Thursday, August 19, 2004

Trouble waiting round the corner

PV Vivekanand

MOQTADA Sadr appears to have managed to cut a deal with the interim government in Iraq and pre-empted a US-backed Iraqi security forces' storming of the Imam Ali Mosque in Najaf that would have possibly led to his capture or death.
He has agreed to disarm his Mahdi Army militia and leave the city and also integrate his movement into Iraqi politics.
However, one could not but be sceptical about the strength of the commitments in the deal. The priorities and approaches of Sadr and the interim prime minister, Iyad Allawi, might have converged on the compromise to defuse the crisis in Najaf, but the two are fundamentally poles apart in their visions of the future of Iraq.
Allawi has no choice but to follow the US-drafted course for Iraq since the US military has Iraq in a stranglehold. His political future is tied with the US version of Iraq for in the interim at least. That course would not allow him any room to have someone like Sadr who could pounce at the right moment and scramble the scenario.
Sadr is not of the mold where he would hold his peace while Allawi gets ahead on the US-designed course. Definitely, at some point, sooner than later, the two would clash, even if Sadr were to enter the evolving mainstream Iraqi politics.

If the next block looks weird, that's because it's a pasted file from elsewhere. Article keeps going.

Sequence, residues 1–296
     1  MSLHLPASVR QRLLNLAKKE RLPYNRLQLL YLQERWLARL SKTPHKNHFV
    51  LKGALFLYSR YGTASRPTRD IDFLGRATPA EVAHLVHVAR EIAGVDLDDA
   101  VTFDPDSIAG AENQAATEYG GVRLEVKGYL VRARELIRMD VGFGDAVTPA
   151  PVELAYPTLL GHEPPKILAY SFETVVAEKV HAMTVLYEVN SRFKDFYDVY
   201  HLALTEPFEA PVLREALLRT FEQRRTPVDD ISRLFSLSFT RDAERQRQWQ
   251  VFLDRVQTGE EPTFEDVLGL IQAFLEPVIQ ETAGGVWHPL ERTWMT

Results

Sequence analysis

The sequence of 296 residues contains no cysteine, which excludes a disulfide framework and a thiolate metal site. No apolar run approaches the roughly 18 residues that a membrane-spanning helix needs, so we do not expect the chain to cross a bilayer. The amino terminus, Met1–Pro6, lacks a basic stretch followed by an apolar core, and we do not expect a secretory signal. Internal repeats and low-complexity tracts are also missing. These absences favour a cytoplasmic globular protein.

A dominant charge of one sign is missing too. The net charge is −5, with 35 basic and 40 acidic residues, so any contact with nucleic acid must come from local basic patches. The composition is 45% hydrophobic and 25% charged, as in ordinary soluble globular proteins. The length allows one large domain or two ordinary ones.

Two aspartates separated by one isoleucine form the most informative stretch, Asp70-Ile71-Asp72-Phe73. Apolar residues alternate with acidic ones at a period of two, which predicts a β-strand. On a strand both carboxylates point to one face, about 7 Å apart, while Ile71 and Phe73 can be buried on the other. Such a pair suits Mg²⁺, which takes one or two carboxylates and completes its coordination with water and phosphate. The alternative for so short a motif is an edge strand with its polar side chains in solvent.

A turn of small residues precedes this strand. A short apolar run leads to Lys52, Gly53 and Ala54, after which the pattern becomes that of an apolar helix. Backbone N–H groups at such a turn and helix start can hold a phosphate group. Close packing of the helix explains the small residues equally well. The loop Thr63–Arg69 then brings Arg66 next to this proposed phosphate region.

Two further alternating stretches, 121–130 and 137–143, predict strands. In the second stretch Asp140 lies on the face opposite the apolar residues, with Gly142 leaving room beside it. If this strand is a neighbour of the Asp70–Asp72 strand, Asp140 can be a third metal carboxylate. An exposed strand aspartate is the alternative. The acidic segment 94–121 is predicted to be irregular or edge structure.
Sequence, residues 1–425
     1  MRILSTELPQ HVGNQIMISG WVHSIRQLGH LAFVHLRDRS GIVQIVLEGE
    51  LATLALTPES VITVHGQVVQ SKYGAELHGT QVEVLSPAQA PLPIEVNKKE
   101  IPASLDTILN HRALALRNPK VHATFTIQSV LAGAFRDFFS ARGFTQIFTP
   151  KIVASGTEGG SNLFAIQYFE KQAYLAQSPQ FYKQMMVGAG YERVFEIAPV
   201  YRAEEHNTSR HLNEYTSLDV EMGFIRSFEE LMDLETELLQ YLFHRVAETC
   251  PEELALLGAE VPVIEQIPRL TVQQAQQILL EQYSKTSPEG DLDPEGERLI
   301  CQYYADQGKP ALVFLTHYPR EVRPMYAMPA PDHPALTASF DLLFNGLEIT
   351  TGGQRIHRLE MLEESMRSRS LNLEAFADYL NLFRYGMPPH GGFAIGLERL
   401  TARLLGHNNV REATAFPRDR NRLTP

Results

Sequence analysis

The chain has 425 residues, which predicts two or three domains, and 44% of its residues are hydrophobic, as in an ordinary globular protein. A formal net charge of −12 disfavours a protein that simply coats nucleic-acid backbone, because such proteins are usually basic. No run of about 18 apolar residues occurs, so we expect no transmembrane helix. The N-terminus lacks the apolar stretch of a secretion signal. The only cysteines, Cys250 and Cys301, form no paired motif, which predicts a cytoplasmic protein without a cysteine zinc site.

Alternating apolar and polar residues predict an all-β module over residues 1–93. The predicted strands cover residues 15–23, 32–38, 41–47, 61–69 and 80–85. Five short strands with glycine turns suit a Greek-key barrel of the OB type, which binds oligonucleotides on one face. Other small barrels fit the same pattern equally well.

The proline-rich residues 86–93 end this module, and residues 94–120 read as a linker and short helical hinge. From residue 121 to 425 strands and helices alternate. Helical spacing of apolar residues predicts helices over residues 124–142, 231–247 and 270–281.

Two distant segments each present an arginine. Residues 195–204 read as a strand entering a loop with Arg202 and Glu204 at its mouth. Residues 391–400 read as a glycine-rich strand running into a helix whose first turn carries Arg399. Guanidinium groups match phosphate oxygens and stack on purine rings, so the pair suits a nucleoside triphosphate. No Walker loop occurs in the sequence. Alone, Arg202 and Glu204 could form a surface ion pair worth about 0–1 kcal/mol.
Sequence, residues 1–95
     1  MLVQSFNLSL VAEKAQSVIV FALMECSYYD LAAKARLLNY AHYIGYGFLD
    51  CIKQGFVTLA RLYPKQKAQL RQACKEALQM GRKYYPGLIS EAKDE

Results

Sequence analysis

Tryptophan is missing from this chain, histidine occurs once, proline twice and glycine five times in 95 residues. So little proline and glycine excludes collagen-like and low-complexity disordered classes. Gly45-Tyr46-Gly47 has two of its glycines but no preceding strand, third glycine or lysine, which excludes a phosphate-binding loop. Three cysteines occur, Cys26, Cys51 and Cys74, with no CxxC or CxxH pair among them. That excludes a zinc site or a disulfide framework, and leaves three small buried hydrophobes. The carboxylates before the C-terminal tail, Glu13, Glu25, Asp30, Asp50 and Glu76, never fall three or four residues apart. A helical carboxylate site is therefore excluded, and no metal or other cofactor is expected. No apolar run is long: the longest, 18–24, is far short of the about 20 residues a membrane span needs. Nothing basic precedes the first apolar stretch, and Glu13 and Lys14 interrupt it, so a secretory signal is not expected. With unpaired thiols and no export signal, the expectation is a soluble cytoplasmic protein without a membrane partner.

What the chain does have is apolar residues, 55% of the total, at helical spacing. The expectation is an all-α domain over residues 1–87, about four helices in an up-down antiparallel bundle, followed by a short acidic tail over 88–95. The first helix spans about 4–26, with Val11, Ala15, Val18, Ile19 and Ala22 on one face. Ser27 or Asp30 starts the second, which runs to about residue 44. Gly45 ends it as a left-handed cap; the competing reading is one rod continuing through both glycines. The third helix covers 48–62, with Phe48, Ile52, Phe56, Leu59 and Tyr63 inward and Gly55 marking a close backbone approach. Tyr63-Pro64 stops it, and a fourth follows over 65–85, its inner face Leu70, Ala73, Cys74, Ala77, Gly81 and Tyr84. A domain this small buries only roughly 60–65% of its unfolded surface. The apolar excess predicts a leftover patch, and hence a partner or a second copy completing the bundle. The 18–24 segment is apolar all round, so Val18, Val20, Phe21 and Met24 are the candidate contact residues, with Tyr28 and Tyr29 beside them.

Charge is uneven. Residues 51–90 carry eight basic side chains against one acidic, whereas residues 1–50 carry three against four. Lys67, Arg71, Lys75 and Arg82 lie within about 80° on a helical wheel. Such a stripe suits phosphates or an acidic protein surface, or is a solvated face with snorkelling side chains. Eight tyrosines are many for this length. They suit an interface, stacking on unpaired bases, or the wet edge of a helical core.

With the guerrilla war showing little sign of abating, Allawi would be hardpressed to meet the basic demands of the people of Iraqi in a satisfactory manner, whether for water, power, food, jobs and security. Given that the south of Iraq had not been given a fair share of attention for development during the Saddam Hussein reign, the situation in that region is all the more precarious for Allawi as he tries to restore normalcy to the country.
As such, apart from the wide gap in ideologies with Allawi, Sadr would also have to confront the interim prime minister with the daily life issues of his people; that is, if Sadr follows the traditions of politics. On both counts, the scene is the perfect reciple for trouble pitting the two. The only question is how long will it take for fresh blood to spill.